1. I really wanted to love (or at least like) The Chocolate Chip Cookie Murder by Joanne Fluke for obvious reasons. It’s chock full of yummy cookies, along with their recipes, and the cornflake cookie sounds particularly tasty. But otherwise? Ugh. I thought this was an adult cozy mystery, but the writing is at 4th grade level. There is absolutely no deliciousness to it whatsoever. Sentences are simple and bland, and there is nothing to indicate that the author loves words. No metaphors, similes, or puns to spice things up. Fluke didn’t even give the characters cute names, which I’ve been told is a featured ingredient of cozies. 

Beyond that, the plot is simply absurd. There’s no reason for Hannah to run around solving murders just because her sister is married to an incompetent cop. Hannah even breaks the law herself on multiple occasions ~ for example, by breaking into a crime scene/private home and by impersonating a police officer on the phone to get info. We’re supposed to be rooting for her? She is an idiot. The whole town is full of idiots, and there’s no way I’d read another book in this series. Also, the date of publication is in 2019 and no one in the story has a mobile phone? Ridiculous. I gave it two stars only because of the cookies.


2. The Puma Years by Laura Coleman. Again, I wanted to love this memoir because KITTIES! Not only pumas, but also jaguars feature in Laura’s adventures in Bolivia. And there are cute monkeys, a funny pig, and silly birds. But… this book is absolutely disgusting and there’s no other way to put it. The volunteers have to battle parasites, fungus, horrendous body odor, moldy food, bugs everywhere (and I mean EVERYWHERE), animal poop all over everything, crude toilet facilities (if they can even be called that), etc. I almost quit reading this book because it was making me feel so sick.

But the writing is superb. Laura knows how to tell a story and her narrative is so vivid and lush with description and emotion. My heart breaks for these poor abused animals and the terrible destruction of their native habitats. I too fall in love with Wayra, the puma Laura bonds with and cares for during her stays in the jungle. Due to the constant conflict between the grossness and the beauty, however, I was at a loss on what rating to give. Finally, I settled on three stars, which may not be fair, but it’s honest. While I appreciate the excellent writing, I never, ever want to read anything like this again. Yeech!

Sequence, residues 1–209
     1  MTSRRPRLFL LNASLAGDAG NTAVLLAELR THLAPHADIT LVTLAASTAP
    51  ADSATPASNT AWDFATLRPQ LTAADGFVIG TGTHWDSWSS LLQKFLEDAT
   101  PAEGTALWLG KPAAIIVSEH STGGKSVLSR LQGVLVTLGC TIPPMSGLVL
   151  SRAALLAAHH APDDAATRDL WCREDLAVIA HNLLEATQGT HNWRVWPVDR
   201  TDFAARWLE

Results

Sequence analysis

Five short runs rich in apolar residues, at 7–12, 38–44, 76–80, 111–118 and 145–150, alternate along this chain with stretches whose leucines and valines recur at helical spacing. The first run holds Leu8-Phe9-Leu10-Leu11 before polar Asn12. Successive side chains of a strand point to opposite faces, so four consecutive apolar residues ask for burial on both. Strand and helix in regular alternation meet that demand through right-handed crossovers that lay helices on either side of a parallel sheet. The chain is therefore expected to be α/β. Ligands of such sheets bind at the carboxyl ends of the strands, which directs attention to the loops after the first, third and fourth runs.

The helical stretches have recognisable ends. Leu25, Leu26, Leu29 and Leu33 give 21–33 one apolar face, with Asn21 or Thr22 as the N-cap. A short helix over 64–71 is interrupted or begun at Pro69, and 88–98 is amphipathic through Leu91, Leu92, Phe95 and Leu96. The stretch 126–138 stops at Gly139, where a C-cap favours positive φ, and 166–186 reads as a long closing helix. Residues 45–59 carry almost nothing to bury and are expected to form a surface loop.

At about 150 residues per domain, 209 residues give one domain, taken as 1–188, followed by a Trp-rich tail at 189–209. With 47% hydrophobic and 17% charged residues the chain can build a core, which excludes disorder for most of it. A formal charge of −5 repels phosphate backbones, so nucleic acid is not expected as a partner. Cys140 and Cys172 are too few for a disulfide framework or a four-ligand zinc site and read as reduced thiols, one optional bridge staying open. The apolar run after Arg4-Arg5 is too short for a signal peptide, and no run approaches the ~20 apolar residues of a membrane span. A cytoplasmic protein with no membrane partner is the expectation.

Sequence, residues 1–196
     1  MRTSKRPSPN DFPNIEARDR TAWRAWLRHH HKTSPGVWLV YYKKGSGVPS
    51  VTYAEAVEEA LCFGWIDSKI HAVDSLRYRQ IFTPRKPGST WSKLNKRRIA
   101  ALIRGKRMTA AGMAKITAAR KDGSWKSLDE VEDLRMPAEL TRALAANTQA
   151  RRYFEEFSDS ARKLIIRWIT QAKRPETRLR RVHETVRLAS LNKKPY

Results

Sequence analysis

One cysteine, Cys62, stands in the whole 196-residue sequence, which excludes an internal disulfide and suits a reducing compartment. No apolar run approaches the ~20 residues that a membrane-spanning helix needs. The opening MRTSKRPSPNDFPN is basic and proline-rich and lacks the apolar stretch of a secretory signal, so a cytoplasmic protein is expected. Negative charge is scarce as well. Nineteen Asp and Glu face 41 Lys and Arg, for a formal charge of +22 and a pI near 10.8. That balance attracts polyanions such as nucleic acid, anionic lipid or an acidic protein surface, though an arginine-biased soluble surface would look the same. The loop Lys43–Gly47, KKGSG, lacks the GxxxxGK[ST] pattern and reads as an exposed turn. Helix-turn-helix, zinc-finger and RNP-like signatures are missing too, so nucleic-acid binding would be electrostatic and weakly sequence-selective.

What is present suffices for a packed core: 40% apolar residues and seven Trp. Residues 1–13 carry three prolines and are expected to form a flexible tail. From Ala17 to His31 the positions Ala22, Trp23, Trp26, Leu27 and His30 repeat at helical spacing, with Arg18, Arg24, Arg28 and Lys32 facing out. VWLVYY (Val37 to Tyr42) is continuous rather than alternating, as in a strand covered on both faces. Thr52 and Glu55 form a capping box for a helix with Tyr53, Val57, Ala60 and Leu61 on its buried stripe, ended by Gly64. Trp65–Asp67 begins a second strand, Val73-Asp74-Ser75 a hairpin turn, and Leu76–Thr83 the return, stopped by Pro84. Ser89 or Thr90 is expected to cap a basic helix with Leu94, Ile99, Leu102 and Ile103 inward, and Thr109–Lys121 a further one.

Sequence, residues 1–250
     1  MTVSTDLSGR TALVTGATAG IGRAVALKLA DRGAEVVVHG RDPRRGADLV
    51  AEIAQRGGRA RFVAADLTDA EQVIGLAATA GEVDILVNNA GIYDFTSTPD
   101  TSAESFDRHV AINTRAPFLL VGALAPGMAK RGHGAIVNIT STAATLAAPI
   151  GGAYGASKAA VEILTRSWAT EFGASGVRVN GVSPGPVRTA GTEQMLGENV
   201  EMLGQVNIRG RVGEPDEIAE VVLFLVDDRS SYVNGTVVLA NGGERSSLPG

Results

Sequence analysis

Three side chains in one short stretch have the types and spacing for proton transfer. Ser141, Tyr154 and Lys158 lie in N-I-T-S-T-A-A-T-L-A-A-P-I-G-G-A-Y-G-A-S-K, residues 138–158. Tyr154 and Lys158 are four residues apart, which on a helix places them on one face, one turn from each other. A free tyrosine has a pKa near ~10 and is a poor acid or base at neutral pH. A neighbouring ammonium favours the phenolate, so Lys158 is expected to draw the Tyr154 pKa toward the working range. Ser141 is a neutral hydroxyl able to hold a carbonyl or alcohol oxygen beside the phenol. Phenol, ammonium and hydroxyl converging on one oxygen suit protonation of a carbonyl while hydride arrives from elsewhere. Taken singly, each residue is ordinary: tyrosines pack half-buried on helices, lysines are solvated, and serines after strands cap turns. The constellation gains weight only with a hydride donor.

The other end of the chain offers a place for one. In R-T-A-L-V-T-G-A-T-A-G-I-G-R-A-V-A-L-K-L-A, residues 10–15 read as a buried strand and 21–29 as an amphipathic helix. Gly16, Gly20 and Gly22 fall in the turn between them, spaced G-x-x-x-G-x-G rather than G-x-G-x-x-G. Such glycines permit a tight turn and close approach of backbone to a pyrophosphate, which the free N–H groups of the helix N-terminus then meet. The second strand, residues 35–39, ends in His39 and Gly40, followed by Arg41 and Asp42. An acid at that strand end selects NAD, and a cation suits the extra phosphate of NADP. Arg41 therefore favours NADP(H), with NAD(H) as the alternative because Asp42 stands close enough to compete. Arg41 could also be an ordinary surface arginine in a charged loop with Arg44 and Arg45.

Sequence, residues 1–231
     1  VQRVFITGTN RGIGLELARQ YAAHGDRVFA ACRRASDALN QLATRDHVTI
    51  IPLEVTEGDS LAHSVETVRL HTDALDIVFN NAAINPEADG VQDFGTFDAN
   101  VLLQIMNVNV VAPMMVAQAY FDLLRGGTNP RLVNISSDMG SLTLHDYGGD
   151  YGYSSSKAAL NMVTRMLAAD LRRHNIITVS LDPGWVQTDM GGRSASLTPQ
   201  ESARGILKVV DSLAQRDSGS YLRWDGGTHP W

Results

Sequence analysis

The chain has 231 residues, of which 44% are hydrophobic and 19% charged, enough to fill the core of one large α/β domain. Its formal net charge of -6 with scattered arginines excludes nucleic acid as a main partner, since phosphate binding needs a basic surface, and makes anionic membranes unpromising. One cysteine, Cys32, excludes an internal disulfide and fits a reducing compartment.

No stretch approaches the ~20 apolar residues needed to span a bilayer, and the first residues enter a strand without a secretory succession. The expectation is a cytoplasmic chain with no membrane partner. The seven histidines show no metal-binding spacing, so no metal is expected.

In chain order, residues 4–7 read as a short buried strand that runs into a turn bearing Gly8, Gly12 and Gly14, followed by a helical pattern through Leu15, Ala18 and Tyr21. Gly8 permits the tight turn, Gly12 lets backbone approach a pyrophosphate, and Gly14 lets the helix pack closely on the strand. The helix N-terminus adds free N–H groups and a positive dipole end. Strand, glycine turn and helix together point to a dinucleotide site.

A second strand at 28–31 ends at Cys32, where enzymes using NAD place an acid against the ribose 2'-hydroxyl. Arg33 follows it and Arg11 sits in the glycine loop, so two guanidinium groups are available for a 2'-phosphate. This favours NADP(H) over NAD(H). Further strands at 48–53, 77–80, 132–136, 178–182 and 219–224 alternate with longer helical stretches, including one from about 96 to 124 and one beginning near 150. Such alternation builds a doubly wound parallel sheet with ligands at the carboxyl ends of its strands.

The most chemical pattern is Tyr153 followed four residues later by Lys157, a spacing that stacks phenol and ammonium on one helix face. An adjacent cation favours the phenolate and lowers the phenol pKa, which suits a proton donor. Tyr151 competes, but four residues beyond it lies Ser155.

huntington beach park tree pond

3. The Island of Lost Trees by Elif Shafak. Oh wow, I love this book! Five stars, and I would have given six if possible. Where to begin? OK, so it’s partly narrated by a fig tree. Yes, a tree tells the story of love and loss and nature’s gifts. We also have the POVs of a displaced Greek man (Kostos) from Cyprus, along with his daughter Ada, who was born in England, yet feels the pull of a place she has never known. We learn about her mother (Defne), a Turkish woman from Cyprus, and her parents’ tragic and forbidden love story. We discover the oddities and recipes of her aunt Meryem when she visits them in England for the first time. I learned a bit about the history of Cyprus, which I never knew, and relearned how horrible people can be to each other and to nature. There’s also a lot of great info on trees, plants, bugs, etc., described in great and glorious detail by the fig tree.

So, here’s the thing about magical realism for me. When it’s good (like this), it is so good. So much better than a contrived series of coincidences to drive the plot. I’d rather hear it from a tree, lol, than constantly deal with people eavesdropping around corners. I do believe in staying strictly within a single POV during a scene, and if that POV is not a human’s, so be it.

Genre bingo reading challenge

©️2022 Paula Light and Light Motifs II. No unauthorized use permitted.


Flowers butterfly

Dazzling summer sun bathes the garden in golden warmth. From the porch, she watches a lone butterfly flit gracefully around the nectar-rich blossoms while a motor drones in the distance. She lights another cigarette as a cloud of dust swirls up from the road like a dirty ghost. It won’t be long now.

©️2022 Paula Light and Light Motifs II. No unauthorized use permitted.

Written for Sammi’s Weekend Writing Prompt (53 words).